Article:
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Portions of this manuscript were presented at the 2012 annual meetings for the Society of Behavioral Medicine (SBM) and the International Society for Quality of Life Research (ISOQOL).
To empirically determine clinically meaningful cut-scores on the 0–10 response scale of the revised Piper Fatigue Scale (PFS-R) and its shorter version (PFS-12). Breast cancer survivors were classified (i.e., none, mild, moderate, or severe fatigue) based on the cut-scores, and relationships between these cut-scores and decrements in health-related quality of life (HRQOL) were examined.
A total of 857 breast cancer survivors, stages in situ-IIIa, from the Health, Eating, Activity, and Lifestyle (HEAL) Study were eligible. Survivors completed the PFS-R, SF-36, and a sexual health scale approximately 3 years after diagnosis. Multivariate analysis of covariance was used to examine five fatigue severity cut-score models, controlling for demographics, clinical characteristics, comorbidity, and antidepressant use. Multivariate regression was used to examine HRQOL decrements by cut-score category.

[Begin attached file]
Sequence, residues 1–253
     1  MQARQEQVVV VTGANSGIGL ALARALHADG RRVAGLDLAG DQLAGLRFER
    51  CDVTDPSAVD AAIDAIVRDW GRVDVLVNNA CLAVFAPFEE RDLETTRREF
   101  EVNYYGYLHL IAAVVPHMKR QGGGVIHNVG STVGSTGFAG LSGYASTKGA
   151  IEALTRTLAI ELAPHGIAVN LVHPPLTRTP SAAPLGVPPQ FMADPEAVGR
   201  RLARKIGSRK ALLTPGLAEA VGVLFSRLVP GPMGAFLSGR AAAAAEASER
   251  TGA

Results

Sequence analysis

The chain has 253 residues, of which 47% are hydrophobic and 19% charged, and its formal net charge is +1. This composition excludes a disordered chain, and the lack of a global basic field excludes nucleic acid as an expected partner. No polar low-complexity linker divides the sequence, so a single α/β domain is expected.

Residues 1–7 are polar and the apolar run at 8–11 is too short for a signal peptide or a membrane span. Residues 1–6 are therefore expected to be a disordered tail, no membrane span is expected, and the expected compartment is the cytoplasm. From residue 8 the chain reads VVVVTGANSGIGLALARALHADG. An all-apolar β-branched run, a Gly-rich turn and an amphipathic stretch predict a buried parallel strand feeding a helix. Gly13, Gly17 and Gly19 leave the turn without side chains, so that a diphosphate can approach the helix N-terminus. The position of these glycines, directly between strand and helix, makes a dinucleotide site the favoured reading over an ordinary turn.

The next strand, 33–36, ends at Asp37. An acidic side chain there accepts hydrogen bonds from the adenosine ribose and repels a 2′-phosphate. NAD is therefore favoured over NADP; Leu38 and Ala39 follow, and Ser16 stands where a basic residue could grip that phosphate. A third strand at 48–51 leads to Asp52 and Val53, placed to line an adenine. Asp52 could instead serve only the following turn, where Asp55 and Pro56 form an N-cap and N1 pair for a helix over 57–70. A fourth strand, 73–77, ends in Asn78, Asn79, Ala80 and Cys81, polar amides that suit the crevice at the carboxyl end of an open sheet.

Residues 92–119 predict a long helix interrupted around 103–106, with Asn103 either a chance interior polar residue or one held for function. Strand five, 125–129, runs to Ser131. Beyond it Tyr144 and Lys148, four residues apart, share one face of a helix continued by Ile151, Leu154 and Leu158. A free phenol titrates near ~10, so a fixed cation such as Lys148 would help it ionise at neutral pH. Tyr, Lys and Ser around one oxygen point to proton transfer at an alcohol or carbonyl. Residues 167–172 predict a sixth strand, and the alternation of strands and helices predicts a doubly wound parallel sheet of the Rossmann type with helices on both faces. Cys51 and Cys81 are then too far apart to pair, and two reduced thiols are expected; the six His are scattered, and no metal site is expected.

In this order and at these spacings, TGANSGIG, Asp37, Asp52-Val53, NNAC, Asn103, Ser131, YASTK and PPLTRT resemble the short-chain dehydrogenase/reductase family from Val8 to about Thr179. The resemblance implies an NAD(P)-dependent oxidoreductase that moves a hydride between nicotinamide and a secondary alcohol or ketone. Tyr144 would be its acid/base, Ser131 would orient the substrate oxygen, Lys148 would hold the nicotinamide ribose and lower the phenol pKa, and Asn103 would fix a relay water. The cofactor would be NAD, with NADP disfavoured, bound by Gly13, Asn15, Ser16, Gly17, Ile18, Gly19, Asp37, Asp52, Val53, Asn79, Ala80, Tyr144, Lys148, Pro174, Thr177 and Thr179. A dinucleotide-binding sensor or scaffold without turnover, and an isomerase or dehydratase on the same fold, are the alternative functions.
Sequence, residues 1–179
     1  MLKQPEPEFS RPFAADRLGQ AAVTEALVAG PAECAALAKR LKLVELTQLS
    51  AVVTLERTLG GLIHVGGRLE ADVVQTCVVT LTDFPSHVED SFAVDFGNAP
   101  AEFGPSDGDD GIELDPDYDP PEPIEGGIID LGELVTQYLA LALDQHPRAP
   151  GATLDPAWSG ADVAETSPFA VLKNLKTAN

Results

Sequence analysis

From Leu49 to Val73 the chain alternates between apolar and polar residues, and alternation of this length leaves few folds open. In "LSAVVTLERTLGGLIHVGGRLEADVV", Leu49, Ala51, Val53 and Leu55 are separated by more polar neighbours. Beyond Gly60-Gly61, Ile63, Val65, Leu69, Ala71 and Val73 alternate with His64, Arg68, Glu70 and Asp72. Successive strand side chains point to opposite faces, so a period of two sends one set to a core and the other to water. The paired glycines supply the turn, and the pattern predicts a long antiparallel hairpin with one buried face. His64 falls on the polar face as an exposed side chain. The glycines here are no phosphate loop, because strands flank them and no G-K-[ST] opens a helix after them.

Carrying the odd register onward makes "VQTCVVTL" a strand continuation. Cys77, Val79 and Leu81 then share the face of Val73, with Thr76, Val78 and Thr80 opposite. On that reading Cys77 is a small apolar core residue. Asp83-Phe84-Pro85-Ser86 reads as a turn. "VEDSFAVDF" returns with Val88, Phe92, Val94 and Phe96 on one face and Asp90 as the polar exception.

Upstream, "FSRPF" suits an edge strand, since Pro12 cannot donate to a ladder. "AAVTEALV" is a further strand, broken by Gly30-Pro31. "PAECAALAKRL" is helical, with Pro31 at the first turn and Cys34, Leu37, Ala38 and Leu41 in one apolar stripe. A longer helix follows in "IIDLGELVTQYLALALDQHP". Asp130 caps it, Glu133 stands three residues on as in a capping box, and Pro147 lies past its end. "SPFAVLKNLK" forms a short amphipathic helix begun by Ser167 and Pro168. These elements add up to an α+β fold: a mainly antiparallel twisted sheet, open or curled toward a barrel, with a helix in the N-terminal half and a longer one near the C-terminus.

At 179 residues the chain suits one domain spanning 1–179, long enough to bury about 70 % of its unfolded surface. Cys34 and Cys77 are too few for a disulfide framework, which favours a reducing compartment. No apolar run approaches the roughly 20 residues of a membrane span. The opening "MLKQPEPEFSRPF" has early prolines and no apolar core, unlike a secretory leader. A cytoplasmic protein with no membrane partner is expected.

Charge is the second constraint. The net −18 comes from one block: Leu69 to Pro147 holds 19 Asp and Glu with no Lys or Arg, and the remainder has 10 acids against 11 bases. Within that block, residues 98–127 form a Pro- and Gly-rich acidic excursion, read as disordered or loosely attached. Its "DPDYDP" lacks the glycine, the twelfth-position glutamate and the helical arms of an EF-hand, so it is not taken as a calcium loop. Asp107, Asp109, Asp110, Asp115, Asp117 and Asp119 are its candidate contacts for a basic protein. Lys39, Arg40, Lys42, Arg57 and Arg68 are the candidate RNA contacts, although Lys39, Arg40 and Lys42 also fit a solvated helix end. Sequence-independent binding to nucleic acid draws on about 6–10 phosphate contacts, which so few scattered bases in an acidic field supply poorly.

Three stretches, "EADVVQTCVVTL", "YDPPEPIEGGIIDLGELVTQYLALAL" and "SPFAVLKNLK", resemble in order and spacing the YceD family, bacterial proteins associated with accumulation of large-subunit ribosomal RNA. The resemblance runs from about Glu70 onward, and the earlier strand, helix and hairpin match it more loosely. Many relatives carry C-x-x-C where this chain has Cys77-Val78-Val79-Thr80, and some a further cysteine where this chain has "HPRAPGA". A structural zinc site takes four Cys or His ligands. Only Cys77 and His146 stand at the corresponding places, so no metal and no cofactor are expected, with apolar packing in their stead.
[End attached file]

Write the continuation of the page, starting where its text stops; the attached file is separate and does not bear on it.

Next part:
Analyses supported two similar fatigue severity cut-score models for the PFS-R and PFS-12: Model A.) none (0), mild (1–3), moderate (4–6), and severe (7–10); and Model D.) none (0), mild (1–2), moderate (3–5), and severe (6–10). For every threshold increase in fatigue severity, clinically meaningful decrements in physical, mental, and sexual health scores were observed, supporting construct validity of the fatigue cut-scores.
Standardized fatigue cut-scores may enhance interpretability and comparability across studies and populations and guide treating planning.
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- Deriving clinically meaningful cut-scores for fatigue in a cohort of breast cancer survivors: a Health, Eating, Activity, and Lifestyle (HEAL) Study
Angela M. Stover
Bryce B. Reeve
Barbara F. Piper
Catherine M. Alfano
Ashley Wilder Smith
Sandra A. Mitchell
Kathy B. Baumgartner
- Springer Netherlands